I don't remember how Roger Ebert justified his 2.5 star review, and I don't care enough to go look and grab a link. You're good with the Google and I trust you to know if you need to see for yourself. But for me, the new Star Trek is 3.5 to 4 stars of greatness from beginning to end. It has everything I love about the '66 series, from laughs and melodrama to the costumes and pageantry of Starfleet as a vision of the best humanity (and other races) have to offer.

Is it perfect? No. The performances of the actors playing Sulu, Chekov and (yes) Scotty all wander over territory ranging from cipher to parody, even if their individual charms still won me over. Does the plot make sense? Is the science sound? Probably not. Is that really Spock, though, being played by Zachary Quinto? Is Chris Pine really Kirk? Hell, is Bruce Greenwood really Captain Christopher Pike? Yes, yes, and much to my amazement, yes.

Is it too shiny? Yes, the lens flares are a distraction and will look as goofy in ten years as the ones in Ellis and Hitch's Authority comics do now. But the passion with which this story is told, and the little character moments that pepper it throughout, feel more true to the essence of what the original series accomplished than any moment of Trek since The Wrath of Khan first reminded us that Star Trek was fucking loaded with the potential for great storytelling, hammy actors and bad special effects be damned.

Leonard Nimoy's first scene as Spock is astonishingly well-acted, drawing upon the actor's 45 years of experience playing the character. Quinto makes Spock his own, but at no time does the new version feel discordant with Nimoy's lifetime of contributions to the canon. The moment when Spock materializes on the transporter pad and realizes what he has lost on Vulcan is one of the most powerful in the character's history, twisting some of the most beloved moments of the original series into a new form and setting the character on a new path. And it never feels like anything other than honestly-won drama that works on every level.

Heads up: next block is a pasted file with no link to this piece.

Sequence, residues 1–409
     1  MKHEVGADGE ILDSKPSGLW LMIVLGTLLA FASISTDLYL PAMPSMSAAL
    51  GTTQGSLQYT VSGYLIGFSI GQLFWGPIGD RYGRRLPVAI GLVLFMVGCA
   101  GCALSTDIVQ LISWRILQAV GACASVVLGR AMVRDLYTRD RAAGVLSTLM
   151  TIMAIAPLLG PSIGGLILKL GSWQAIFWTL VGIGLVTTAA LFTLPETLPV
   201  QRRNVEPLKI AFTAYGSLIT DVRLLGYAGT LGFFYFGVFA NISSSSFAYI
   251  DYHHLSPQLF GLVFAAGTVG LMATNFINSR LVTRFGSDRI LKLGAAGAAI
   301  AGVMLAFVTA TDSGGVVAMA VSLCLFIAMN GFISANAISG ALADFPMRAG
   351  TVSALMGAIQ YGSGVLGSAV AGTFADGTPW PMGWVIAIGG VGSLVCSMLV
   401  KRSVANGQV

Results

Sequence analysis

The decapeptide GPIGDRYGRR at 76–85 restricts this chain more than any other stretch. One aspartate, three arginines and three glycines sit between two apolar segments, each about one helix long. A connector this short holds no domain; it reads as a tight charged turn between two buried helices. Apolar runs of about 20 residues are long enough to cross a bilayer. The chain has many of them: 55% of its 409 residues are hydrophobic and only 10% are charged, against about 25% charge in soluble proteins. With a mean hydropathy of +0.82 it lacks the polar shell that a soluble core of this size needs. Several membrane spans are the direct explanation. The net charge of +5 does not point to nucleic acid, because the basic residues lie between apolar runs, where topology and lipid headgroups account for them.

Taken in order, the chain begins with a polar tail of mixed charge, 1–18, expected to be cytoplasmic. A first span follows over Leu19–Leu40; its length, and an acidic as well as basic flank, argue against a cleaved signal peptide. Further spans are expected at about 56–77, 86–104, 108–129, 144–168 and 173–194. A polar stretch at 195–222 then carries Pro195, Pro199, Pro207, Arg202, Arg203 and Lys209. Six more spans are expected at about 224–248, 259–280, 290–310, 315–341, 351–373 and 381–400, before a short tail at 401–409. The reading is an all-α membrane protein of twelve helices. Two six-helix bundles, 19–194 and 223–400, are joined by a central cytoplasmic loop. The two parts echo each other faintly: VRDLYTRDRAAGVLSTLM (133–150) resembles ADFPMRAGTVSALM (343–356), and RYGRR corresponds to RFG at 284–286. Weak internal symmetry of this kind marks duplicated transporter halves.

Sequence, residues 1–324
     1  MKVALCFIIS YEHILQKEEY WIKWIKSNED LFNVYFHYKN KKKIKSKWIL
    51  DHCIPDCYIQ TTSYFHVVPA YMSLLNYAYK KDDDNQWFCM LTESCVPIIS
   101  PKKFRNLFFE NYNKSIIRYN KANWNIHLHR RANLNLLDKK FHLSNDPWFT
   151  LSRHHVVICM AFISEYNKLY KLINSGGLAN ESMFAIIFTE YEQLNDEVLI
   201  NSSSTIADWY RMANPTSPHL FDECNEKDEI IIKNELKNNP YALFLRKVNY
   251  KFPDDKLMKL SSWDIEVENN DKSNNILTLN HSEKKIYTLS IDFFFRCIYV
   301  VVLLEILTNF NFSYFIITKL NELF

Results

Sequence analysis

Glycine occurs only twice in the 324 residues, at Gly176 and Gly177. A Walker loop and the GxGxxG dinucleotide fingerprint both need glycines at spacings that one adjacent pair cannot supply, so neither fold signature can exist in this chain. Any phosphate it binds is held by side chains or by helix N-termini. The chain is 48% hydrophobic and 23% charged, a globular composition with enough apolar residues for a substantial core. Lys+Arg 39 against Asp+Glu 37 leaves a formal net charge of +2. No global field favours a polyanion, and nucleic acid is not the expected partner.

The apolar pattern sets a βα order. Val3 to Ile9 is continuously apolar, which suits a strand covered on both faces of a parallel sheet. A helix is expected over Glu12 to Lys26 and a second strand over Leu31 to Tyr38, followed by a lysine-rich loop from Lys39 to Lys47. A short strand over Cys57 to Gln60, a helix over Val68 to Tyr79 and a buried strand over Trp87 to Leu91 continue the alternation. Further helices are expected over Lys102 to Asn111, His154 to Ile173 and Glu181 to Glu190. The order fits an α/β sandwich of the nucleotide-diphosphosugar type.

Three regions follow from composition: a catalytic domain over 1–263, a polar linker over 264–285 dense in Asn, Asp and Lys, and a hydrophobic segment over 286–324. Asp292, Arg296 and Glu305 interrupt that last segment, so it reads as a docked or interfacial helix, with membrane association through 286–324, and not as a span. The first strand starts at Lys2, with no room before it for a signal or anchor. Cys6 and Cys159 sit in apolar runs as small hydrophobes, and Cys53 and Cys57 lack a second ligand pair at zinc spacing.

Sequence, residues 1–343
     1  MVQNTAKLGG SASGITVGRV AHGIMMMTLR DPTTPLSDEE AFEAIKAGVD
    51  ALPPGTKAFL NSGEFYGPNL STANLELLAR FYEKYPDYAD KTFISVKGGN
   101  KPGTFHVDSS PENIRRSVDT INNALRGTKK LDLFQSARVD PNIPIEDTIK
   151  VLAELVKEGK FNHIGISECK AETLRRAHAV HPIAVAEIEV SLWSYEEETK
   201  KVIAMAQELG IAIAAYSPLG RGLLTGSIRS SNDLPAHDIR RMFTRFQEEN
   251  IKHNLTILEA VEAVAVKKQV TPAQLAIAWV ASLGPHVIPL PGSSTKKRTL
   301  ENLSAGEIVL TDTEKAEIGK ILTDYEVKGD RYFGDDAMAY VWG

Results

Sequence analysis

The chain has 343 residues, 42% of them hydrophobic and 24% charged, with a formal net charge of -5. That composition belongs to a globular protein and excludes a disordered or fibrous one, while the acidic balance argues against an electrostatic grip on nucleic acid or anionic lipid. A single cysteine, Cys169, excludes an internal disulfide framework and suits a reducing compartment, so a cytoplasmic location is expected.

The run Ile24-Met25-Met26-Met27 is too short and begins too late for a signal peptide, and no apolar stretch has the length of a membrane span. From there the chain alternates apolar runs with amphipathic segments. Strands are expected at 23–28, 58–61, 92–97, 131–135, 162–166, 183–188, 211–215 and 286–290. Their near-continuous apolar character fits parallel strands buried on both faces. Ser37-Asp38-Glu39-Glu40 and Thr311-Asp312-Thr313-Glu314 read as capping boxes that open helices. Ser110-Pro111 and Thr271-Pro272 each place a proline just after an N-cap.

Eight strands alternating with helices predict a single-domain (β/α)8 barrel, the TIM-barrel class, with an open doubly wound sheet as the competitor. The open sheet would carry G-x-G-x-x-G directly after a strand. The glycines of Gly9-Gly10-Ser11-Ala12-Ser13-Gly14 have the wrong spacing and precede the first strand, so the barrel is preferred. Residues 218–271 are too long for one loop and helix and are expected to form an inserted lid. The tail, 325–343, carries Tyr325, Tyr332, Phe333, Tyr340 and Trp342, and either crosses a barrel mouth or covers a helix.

Chris Pine completely inhabits the ideal of Kirk as a character and as a legend-in-training. He doesn't feel like a Luke Skywalker-type Hero with One of a Thousand Faces, but rather he comes across powerfully as a new, divergent path for the character Shatner portrayed for decades, struggling to get where we know he belongs, on the bridge of that ship. And Pike is a special case for me: I have been obsessed with the original pilot's captain (and actor Jeffrey Hunter's performance) for over thirty years. The first time I saw The Menagerie (the episode that wove footage from the original, Kirkless pilot with a new Kirk/Spock story), I was fascinated by the idea that the ship had had another captain before Kirk, and even more riveted by the question of what the series could have been like with Pike, not Kirk, at the helm. Bruce Greenwood does an amazing job of making Pike his own, and having a new story on film involving this great, semi-lost Trek character feels to me something very much like a gift.

The movie throbs. It shines and sparkles and shakes with energy and movement. It propels you through its story and leaves you so, so ready for more Star Trek. Personally, I want to see more of the world Nimoy's Spock comes to this movie from (see the IDW comic book prequel Countdown for a hint), but if all we ever get is more of this new type of Star Trek, I'll be very happy. It's a brave new canvas Abrams and company have created, and Trek hasn't felt so filled with potential since Spock's coffin landed on the Genesis Planet all those years ago. For the first time in a long time I am asking the essential storytelling question, what happens next?

I can't wait to find out.

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Monday, May 04, 2009